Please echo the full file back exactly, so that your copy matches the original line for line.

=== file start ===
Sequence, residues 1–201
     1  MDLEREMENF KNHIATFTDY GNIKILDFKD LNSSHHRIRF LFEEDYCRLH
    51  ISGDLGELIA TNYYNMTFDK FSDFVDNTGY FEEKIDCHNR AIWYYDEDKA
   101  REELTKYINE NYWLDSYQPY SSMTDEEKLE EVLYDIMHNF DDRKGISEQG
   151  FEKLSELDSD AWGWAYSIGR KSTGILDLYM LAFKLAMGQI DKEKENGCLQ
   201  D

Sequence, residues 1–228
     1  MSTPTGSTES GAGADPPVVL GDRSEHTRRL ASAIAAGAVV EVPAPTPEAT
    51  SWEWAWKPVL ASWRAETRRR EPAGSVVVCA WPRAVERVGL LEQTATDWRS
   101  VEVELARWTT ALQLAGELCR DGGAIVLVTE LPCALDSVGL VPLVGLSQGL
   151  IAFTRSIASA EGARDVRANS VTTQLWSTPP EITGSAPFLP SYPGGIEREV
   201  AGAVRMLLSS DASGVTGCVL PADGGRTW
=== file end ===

Sequence, residues 1–201
     1  MDLEREMENF KNHIATFTDY GNIKILDFKD LNSSHHRIRF LFEEDYCRLH
    51  ISGDLGELIA TNYYNMTFDK FSDFVDNTGY FEEKIDCHNR AIWYYDEDKA
   101  REELTKYINE NYWLDSYQPY SSMTDEEKLE EVLYDIMHNF DDRKGISEQG
   151  FEKLSELDSD AWGWAYSIGR KSTGILDLYM LAFKLAMGQI DKEKENGCLQ
   201  D

Sequence, residues 1–228
     1  MSTPTGSTES GAGADPPVVL GDRSEHTRRL ASAIAAGAVV EVPAPTPEAT
    51  SWEWAWKPVL ASWRAETRRR EPAGSVVVCA WPRAVERVGL LEQTATDWRS
   101  VEVELARWTT ALQLAGELCR DGGAIVLVTE LPCALDSVGL VPLVGLSQGL
   151  IAFTRSIASA EGARDVRANS VTTQLWSTPP EITGSAPFLP SYPGGIEREV
   201  AGAVRMLLSS DASGVTGCVL PADGGRTW